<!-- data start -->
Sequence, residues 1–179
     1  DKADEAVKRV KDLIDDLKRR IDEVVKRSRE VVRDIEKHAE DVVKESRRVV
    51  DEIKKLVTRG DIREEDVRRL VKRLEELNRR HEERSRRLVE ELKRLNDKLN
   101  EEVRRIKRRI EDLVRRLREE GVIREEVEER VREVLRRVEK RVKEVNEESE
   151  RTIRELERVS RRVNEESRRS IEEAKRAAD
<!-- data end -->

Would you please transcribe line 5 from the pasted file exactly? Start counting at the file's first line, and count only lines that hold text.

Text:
   151  RTIRELERVS RRVNEESRRS IEEAKRAAD